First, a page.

El Grupo de Padres Lideres con Superintendente Perry y miembro de la mesa escolar Sheronne Blasi

 

On May 12th, Superintendent Christy Perry presented her pre-Covid-19 budget.

She decided it would be counter-productive to spend her energy making detailed cuts with no information on the economy and state school funding. Instead, she continues to look for resources, savings, reserves and grants, and is preparing for multiple scenarios in the next few years. We won’t know the extent of the cuts until later in the summer.

Before the coronavirus pandemic, Oregon’s economy was good and education funding was plentiful. We at SKCE and Latino/a parents were all excited about the new Student Investment Account (SIA) funds from the state that we planned on using to close the achievement Gap.

Now we are facing the unknown.

SKCE leadership, staff and parent leaders wrote a public letter to the school board and budget committee, to outline our four main priorities.

View the full letter In English

View the full letter In Spanish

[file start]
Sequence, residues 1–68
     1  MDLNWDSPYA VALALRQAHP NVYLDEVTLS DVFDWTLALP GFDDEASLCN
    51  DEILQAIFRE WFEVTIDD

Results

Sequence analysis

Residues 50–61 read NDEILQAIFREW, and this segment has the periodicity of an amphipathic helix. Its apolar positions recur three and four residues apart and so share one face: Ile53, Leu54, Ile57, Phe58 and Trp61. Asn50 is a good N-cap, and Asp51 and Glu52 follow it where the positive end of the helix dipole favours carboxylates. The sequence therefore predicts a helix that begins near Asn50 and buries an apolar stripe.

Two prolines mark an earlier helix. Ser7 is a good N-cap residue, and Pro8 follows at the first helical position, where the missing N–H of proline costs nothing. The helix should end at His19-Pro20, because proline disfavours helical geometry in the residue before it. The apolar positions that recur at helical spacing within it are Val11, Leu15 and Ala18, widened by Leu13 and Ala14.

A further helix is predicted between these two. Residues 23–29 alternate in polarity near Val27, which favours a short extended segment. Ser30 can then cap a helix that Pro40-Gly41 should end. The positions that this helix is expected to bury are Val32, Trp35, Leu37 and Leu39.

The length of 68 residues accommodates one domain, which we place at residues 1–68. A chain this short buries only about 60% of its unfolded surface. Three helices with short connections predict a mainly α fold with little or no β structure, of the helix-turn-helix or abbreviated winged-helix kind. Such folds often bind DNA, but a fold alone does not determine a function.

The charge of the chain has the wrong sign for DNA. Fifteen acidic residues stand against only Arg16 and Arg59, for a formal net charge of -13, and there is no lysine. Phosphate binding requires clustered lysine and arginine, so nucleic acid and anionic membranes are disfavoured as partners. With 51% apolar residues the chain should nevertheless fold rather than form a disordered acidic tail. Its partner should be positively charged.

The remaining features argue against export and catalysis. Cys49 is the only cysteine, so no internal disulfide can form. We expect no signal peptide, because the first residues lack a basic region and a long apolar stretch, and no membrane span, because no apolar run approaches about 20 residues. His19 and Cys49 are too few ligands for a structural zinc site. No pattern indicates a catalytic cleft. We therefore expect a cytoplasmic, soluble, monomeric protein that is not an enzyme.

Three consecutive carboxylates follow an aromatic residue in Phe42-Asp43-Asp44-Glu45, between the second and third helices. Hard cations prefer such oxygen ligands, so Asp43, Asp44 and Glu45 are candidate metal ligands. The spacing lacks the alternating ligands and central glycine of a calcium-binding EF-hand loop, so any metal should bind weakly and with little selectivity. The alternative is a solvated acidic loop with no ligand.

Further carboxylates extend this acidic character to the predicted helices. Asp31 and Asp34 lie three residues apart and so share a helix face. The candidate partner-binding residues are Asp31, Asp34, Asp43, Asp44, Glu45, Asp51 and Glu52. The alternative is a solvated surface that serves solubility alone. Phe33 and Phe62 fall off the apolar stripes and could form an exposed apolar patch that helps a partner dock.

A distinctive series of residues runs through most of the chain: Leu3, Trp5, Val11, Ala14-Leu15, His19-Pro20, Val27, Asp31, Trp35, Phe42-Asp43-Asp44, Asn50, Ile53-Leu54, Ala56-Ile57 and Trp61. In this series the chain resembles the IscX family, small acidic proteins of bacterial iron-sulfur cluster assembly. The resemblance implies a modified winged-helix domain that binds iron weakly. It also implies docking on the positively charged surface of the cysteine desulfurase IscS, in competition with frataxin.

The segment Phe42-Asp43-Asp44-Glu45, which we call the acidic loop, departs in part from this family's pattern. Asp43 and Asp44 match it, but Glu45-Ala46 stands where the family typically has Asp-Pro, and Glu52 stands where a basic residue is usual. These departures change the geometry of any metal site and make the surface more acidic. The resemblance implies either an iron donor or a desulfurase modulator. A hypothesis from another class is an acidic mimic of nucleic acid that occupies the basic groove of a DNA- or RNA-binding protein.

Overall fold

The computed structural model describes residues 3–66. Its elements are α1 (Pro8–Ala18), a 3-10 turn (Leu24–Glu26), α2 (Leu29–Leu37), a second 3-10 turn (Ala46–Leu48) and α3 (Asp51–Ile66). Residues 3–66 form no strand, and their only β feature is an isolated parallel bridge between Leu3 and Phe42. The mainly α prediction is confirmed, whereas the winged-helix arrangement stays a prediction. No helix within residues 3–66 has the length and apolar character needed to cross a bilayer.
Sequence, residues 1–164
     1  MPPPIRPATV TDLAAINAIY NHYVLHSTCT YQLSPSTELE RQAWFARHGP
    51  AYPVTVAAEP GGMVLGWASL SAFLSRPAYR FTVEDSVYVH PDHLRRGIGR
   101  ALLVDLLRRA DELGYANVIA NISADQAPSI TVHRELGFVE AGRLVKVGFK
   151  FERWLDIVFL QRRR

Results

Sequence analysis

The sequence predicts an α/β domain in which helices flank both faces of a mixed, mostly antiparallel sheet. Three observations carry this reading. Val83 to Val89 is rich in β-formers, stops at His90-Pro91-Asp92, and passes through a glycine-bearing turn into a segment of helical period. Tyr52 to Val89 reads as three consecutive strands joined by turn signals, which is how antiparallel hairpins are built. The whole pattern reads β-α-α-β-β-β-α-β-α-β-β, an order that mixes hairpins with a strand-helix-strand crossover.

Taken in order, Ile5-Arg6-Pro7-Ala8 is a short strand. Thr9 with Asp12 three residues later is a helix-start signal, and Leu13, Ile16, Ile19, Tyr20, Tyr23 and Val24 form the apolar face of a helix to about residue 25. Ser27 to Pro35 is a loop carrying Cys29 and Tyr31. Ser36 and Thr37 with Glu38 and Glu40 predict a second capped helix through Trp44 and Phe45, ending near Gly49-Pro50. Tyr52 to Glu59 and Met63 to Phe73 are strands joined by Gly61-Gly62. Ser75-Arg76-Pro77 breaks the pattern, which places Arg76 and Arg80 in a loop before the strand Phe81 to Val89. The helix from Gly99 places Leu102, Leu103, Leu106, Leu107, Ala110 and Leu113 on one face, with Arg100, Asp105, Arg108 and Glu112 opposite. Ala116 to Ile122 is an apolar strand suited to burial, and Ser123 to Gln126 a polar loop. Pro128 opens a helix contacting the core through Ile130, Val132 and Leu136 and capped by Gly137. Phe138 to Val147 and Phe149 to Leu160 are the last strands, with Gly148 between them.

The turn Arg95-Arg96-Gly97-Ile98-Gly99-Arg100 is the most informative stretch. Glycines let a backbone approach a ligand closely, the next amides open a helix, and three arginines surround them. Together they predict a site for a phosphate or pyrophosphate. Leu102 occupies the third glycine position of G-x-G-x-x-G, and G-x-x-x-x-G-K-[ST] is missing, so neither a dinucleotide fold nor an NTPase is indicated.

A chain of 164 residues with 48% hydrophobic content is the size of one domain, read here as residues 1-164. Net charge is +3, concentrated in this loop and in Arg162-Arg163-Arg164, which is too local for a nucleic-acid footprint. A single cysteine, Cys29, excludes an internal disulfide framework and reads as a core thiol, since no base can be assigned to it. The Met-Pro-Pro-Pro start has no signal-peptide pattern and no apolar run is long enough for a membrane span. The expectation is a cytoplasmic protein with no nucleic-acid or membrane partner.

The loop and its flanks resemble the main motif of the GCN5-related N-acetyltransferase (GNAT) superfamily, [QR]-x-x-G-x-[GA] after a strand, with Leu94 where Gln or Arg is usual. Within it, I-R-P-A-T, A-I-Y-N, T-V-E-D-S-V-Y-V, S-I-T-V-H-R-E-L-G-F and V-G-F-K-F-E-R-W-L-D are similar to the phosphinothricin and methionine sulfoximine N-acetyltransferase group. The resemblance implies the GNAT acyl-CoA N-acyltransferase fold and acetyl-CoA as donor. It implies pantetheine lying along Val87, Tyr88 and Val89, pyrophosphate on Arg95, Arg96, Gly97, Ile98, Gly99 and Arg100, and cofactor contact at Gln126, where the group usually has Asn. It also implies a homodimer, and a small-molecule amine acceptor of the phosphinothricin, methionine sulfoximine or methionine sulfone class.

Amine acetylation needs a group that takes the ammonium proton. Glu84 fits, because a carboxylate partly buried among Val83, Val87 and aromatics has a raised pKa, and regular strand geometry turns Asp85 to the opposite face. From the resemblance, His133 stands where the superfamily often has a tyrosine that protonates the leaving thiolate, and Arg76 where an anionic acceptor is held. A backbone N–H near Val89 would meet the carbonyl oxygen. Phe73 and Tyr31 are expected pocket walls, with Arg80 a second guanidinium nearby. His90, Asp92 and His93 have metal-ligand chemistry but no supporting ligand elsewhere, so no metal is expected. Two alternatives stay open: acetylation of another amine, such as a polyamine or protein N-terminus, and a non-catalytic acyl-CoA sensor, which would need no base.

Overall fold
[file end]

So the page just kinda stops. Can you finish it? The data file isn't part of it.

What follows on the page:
Salem Reporter coverage of our parent leaders’ priorities

English language proficiency – English language proficiency was the highest priority in all the focus groups with Latino/a parents. They want their children to be bilingual, but they know that their children must be proficient in academic English vocabulary and comprehension. In this district, lack of English proficiency affects the educational success, graduation, and college-readiness of literally thousands of students. The district must continue designing the program as they planned in the SIA process. The new model is about doing things differently. We must also prioritize the “catching up” of hundreds of children currently behind due to lack of academic English.

Mental and emotional health and safety – Stress, trauma and the emotional condition of children and families affects discipline, behavior issues and school safety, which in turn, significantly impact school success. We need more Spanish-speaking specialists of color that understand how race, ethnicity, language and poverty interact with adults’ perceptions of behavior. We also need teachers and staff trained in culturally responsive practices and brain development so they can recognize an emotional or mental health crisis as more than just challenging behavior. Especially during the coronavirus crisis, we need to be aware of the increased potential for behavior issues that can reduce school success, lead to discipline problems, and can feed the School to Prison Pipeline.